June 18, 2012
The first lady of Texas Football, Sally Brown, made her way from table to table, chatting with each group of freshman as they ate their steaks and macaroni and cheese under a temporary tent-building in the backyard of Mack and Sally Brown's home.
It had all the markings of a family reunion as smiles and hugs were passed around freely, with Sally acting as the loving matriarch checking on her extended family. The tender feelings exchanged were as warm as the breeze on this early June evening.
The freshman had been invited to the Brown's home to visit with their coaches, the coaches' families and each other, in a casual, home-type setting. It was an atmosphere where the players could be themselves as they were given a big welcome as the newest members of the Texas Longhorn football team.
"You just get to know them so much better when they're in your home, especially eating a meal," Sally said of the gathering. "They'll tell you just about anything when they're eating. And I just like to talk to them about their families, and their brothers and sisters, and their personal life, especially with the freshman, so I can get a good base of them and understand them."
"We love having them," Coach Brown added. "It's what you love the most about being a college football coach. They're relaxed, you know something about every one of their backgrounds, and to watch them mesh together in a group, especially with the staff that we have, is so much fun for Sally and I."
The Browns recognize and cherish the familial qualities of a football team and a football organization like the one at the University of Texas. They strive to engender that "we are family" atmosphere to make the players as comfortable as possible as they leave home and take this new step in their lives.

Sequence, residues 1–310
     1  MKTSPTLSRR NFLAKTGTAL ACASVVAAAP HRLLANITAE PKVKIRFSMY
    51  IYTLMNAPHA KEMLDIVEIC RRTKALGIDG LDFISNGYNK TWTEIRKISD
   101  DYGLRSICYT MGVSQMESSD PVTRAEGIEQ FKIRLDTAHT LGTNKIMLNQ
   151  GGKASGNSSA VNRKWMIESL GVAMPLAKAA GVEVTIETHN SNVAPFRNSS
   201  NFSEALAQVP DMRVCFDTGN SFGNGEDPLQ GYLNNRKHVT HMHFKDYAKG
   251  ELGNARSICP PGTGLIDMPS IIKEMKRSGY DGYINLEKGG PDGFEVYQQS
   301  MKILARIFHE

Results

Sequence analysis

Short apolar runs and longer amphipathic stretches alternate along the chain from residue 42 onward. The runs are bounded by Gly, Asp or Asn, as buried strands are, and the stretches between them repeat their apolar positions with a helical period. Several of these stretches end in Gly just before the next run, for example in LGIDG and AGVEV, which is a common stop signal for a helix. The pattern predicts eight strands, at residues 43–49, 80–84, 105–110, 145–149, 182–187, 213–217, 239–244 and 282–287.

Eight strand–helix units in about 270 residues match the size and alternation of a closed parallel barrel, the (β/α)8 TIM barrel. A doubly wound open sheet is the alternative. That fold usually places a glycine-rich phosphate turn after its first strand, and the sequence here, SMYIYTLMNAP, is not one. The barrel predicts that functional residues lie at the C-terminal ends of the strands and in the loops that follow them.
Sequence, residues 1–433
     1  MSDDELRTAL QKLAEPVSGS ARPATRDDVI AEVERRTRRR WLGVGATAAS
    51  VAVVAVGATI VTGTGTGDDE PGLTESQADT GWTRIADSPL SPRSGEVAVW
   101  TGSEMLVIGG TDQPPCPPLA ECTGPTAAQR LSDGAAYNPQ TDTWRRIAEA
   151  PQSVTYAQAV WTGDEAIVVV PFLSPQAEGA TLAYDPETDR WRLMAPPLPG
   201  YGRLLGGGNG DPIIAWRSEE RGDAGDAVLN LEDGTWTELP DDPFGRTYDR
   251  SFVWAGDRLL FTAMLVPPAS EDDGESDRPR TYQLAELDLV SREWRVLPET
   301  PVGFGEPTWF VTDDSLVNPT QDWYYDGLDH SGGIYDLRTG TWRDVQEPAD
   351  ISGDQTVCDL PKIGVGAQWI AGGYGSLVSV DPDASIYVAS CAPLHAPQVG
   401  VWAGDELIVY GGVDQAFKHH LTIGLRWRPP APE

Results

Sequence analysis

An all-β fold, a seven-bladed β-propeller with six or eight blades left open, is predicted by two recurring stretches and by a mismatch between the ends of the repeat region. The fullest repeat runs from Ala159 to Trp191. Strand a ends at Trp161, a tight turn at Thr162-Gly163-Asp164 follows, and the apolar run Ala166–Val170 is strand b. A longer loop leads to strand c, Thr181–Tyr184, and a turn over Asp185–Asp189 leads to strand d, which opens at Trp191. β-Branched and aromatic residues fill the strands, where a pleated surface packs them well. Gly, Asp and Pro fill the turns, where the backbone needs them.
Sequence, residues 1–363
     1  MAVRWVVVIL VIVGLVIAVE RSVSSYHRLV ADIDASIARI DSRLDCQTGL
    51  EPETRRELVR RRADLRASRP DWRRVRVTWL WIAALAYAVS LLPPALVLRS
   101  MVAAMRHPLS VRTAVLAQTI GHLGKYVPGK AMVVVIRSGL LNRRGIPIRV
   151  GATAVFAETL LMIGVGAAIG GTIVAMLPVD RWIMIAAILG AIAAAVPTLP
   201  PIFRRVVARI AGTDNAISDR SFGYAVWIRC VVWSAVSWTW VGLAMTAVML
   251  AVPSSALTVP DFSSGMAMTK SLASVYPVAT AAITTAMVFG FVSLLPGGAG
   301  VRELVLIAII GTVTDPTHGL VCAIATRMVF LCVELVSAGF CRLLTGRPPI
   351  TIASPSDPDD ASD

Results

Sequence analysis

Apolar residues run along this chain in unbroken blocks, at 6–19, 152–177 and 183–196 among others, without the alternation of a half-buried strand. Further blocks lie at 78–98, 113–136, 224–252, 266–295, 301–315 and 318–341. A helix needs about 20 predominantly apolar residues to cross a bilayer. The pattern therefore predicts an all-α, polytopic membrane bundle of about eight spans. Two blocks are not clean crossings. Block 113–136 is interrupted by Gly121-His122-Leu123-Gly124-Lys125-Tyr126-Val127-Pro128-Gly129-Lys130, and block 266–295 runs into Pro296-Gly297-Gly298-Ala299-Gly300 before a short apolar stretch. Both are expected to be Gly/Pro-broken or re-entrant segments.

"We can't do a lot with the freshmen in football, so we really need to do a lot with them personally in the summer," Brown said. "They need to be comfortable. They've all been highly recruited [and,] they trusted us with their future. It's the first time away from their families. It's the first time they've had the pressure of college with their classes in the summer. They're working out with older, more experienced, stronger guys, so they're going through a weight program, and they've all got dreams and goals and aspirations for the fall.
"So sometimes it's better to let them get here for about ten days when they do have some questions and then bring them out with all the coaches and let them sit down and visit at each table with each coach."
"I think it's important for them to see the wives and the children [of the coaches] that are involved so they feel like they're a part of the family," said Sally. "And I think that when the time comes - and it will come - that they need advice or they get a little homesick, they'll feel much more comfortable asking for [help.]"
While the players were finishing their dessert of peach or blackberry cobbler a la mode, Coach Brown stood before them to explain what to expect in the fall, reiterate some team rules and then opened the floor to questions.